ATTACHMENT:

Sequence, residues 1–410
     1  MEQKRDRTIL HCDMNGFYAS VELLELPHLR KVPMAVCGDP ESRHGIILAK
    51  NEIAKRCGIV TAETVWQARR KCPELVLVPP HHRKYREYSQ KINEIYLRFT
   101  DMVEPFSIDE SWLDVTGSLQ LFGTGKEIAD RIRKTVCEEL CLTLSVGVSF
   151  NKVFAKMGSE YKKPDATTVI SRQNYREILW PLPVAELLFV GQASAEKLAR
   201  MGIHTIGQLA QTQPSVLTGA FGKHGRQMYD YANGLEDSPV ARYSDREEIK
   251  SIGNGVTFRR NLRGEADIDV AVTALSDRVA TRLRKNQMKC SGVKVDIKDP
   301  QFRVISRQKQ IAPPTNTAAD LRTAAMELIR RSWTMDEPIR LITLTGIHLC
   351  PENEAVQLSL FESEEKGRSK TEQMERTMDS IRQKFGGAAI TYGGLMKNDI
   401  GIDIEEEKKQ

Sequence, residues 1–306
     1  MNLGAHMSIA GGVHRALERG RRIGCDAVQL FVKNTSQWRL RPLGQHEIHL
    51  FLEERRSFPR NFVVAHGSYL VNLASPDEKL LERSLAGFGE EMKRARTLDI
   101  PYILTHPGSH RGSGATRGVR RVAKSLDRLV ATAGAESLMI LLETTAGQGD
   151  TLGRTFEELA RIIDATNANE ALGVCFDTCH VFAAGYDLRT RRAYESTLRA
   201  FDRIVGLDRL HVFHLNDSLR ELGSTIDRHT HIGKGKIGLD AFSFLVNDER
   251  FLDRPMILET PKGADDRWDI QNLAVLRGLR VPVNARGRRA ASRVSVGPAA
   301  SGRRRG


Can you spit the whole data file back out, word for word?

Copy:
Sequence, residues 1–410
     1  MEQKRDRTIL HCDMNGFYAS VELLELPHLR KVPMAVCGDP ESRHGIILAK
    51  NEIAKRCGIV TAETVWQARR KCPELVLVPP HHRKYREYSQ KINEIYLRFT
   101  DMVEPFSIDE SWLDVTGSLQ LFGTGKEIAD RIRKTVCEEL CLTLSVGVSF
   151  NKVFAKMGSE YKKPDATTVI SRQNYREILW PLPVAELLFV GQASAEKLAR
   201  MGIHTIGQLA QTQPSVLTGA FGKHGRQMYD YANGLEDSPV ARYSDREEIK
   251  SIGNGVTFRR NLRGEADIDV AVTALSDRVA TRLRKNQMKC SGVKVDIKDP
   301  QFRVISRQKQ IAPPTNTAAD LRTAAMELIR RSWTMDEPIR LITLTGIHLC
   351  PENEAVQLSL FESEEKGRSK TEQMERTMDS IRQKFGGAAI TYGGLMKNDI
   401  GIDIEEEKKQ

Sequence, residues 1–306
     1  MNLGAHMSIA GGVHRALERG RRIGCDAVQL FVKNTSQWRL RPLGQHEIHL
    51  FLEERRSFPR NFVVAHGSYL VNLASPDEKL LERSLAGFGE EMKRARTLDI
   101  PYILTHPGSH RGSGATRGVR RVAKSLDRLV ATAGAESLMI LLETTAGQGD
   151  TLGRTFEELA RIIDATNANE ALGVCFDTCH VFAAGYDLRT RRAYESTLRA
   201  FDRIVGLDRL HVFHLNDSLR ELGSTIDRHT HIGKGKIGLD AFSFLVNDER
   251  FLDRPMILET PKGADDRWDI QNLAVLRGLR VPVNARGRRA ASRVSVGPAA
   301  SGRRRG